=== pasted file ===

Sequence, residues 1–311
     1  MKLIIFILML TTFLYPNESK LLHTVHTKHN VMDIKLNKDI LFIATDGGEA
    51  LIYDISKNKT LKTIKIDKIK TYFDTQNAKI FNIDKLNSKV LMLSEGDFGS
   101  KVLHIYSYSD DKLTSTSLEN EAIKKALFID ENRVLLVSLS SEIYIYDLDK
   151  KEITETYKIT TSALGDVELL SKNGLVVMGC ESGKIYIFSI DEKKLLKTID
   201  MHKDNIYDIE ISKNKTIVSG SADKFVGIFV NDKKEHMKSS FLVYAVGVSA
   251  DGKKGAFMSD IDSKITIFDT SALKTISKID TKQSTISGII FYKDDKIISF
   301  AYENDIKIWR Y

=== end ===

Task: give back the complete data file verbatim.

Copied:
Sequence, residues 1–311
     1  MKLIIFILML TTFLYPNESK LLHTVHTKHN VMDIKLNKDI LFIATDGGEA
    51  LIYDISKNKT LKTIKIDKIK TYFDTQNAKI FNIDKLNSKV LMLSEGDFGS
   101  KVLHIYSYSD DKLTSTSLEN EAIKKALFID ENRVLLVSLS SEIYIYDLDK
   151  KEITETYKIT TSALGDVELL SKNGLVVMGC ESGKIYIFSI DEKKLLKTID
   201  MHKDNIYDIE ISKNKTIVSG SADKFVGIFV NDKKEHMKSS FLVYAVGVSA
   251  DGKKGAFMSD IDSKITIFDT SALKTISKID TKQSTISGII FYKDDKIISF
   301  AYENDIKIWR Y